We would like to thank Chris Doe and Bruce Bowerman, both at the University of Oregon (UO), for the use of their laboratories' microscopes. M.F. would like to thank Aaron Severson (UO) and Sal Fuerstenberg (UO) for an introduction to imaging of GFP by microscopy. Rebekka Wachter (UO) provided pRSETB-GFP and Tim Bestor (Columbia Univ.) provided pGFP10.1, both plasmids containing jellyfish GFP cDNA. This study was supported by grants from the National Institutes of Health to M.F. (CA73123) and E.U.S. (GM35690).
Figure 1 (Following page): Expression of GFP in N. crassa. (A) GFP in 3-day old hyphae and macroconidia of a heterokaryotic primary transformant (TMF153-9) grown on minimal medium supplemented with Hyg. (B) Expression of sGFP was uniform in GFP+ His+ transformants in which ToxA-sGFP had been targeted to the his-3 locus (N2002). pMF245 (ToxA-sGFP without terminator) and pMF246 (ToxA-sGFP with the nos terminator), respectively, were created by inserting ApaI - NotI or ApaI - EcoRI fragments of pCT74 into the same sites of pBM61 (B.S. Margolin et al., 1997, FGN 44:34). As expected, we found that the nopaline synthase (nos) terminator did not affect expression of GFP in N. crassa (data not shown). To detect GFP microscopically, we used a Zeiss Axioscope with a 100X oil immersion Plan-Neofluar objective (N.A. 1.3 mm), a Zeiss filter set (green excitation filter 450-490 HB) and a Zeiss AttoArc2 HB-100W mercury lamp. Images were captured with a Micromax EBF512 camera (Princeton Instruments) and processed with the MetaMorph Imaging System (Universal Imaging Corp.) and Adobe Photoshop software. Typical exposure times were 5 - 15 ms for both GFP and Nomarski images. Color reproductions of figures shown will be made available with the on-line version of this article on the FGSC website (http://www.fgsc.net/).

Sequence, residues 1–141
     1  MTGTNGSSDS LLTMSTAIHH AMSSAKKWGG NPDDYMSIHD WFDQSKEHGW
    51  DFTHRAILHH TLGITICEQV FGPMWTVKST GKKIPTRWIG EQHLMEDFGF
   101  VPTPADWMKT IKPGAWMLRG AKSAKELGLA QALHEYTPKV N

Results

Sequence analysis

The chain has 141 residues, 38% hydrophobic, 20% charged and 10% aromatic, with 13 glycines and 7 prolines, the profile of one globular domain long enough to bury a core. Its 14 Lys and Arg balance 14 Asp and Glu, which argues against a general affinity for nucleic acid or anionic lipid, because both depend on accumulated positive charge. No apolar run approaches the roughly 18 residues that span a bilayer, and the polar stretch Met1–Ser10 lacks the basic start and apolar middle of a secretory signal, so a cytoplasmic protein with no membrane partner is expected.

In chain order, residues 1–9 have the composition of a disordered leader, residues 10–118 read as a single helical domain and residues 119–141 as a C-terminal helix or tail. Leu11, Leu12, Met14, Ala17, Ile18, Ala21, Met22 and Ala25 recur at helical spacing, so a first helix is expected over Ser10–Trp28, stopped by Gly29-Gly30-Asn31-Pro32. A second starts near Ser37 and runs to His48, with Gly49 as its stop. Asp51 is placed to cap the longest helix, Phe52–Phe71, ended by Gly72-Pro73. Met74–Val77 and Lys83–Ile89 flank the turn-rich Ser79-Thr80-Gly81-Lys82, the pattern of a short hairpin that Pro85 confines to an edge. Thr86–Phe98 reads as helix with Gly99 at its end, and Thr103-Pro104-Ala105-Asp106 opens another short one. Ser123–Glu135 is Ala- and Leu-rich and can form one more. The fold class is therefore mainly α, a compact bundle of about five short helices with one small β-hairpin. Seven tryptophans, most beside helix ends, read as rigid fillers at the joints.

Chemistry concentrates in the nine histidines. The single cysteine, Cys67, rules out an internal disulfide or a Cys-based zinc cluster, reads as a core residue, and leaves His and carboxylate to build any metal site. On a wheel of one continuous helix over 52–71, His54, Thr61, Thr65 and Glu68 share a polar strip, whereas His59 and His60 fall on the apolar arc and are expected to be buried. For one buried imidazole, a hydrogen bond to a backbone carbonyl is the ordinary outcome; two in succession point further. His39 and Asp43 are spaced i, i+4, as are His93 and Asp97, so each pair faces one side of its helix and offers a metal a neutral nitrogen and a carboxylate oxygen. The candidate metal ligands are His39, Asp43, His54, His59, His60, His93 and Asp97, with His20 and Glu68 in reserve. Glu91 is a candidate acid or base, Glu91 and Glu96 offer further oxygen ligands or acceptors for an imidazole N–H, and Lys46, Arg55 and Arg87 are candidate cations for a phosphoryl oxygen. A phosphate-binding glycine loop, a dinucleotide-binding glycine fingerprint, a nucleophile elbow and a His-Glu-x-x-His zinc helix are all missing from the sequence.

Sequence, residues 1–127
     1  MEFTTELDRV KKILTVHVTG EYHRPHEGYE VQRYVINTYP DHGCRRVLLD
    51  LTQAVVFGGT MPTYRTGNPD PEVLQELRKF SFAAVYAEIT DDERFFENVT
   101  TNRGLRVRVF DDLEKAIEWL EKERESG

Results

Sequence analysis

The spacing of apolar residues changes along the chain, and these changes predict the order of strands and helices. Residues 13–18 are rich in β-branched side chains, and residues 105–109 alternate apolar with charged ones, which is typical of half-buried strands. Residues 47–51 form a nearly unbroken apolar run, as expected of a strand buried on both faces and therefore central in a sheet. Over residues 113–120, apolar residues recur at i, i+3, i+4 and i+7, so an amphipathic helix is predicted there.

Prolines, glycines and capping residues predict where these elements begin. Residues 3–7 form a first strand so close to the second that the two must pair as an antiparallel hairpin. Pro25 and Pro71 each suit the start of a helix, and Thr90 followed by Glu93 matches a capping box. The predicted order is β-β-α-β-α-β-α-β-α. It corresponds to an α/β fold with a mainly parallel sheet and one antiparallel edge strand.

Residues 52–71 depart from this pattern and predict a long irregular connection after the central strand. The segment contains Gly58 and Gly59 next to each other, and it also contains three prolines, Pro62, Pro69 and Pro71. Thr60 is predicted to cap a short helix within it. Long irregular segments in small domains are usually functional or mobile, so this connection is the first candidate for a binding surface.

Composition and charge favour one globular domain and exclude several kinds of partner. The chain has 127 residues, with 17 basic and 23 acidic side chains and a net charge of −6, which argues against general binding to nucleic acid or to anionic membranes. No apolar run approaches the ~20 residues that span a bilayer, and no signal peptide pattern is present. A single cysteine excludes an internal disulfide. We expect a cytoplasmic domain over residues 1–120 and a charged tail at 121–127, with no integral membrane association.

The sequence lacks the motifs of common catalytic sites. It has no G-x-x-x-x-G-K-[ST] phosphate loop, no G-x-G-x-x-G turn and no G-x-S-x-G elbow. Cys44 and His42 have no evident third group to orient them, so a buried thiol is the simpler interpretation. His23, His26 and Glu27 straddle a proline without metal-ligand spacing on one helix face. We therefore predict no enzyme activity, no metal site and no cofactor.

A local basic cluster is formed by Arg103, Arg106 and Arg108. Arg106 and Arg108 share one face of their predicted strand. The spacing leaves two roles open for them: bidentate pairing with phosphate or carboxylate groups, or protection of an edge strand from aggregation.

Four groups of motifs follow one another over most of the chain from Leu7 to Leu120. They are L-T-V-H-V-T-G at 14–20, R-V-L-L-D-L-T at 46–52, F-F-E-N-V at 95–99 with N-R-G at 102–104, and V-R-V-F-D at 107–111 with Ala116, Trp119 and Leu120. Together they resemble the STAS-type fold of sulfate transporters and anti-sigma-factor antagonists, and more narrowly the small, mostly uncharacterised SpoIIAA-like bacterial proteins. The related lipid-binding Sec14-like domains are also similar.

Figure 2: Expression of GFP in sexual tissues. (A) Perithicia from a heterozygous cross of the heterokaryotic GFP+ strain TMF153-9 (male) to FGSC #2490 (female) were squashed at approximately 10 - 14 days post fertilization to extrude developing asci and examined for GFP expression. Tissue in early stages of post fertilization development apparently did not express GFP. GFP+ / GFP- segregation patterns are evident. Images were captured as described in Fig.1, except that a 5X Plan-Neofluar objective (N.A. 0.15 mm) was used. Exposure times had to be increased to 100 ms; exposure times for the Nomarski images were approximately 10 ms. (B) Segregation of GFP- / GFP+ ascospores in one ascus. GFP appears to accumulate in nuclei (white arrows). (C) GFP can be detected even in melanized ascospores (black arrow). Images in (B) and (C) were captured as described in Fig. 1.
Figure 3: DNA methylation analysis of selected sGFP+ transformants. (A) Southern analysis of genomic DNA isolated from transformants with randomly inserted copies of sGFP showed that sGFP remained mostly unmethylated (TMF166-1 to -10). Genomic DNA of sGFP+ transformants was digested with methylation-sensitive (Sau3AI; S) or methylation-insensitive (DpnII; D) isoschizomers, fractionated in agarose gels, blotted to nylon membranes and probed with a radioactively labeled sGFP fragment. (B) Single copies of sGFP integrated at his-3 were always unmethylated (N2001 to N2004), whereas RIP-mutated alleles of sGFP were methylated (N2005 and N2006); lane H shows the non-transformed host strain (FGSC# 6103). (C) SGFP was unmethylated in transformants (TMF153-1 to -7) with single copies of pCT74, but methylated in a transformant (TMF153-8) with multiple copies of the plasmid. GFP was expressed at high levels in all seven strains. The position of size markers (kb) and the gel origin (Ori) are indicated.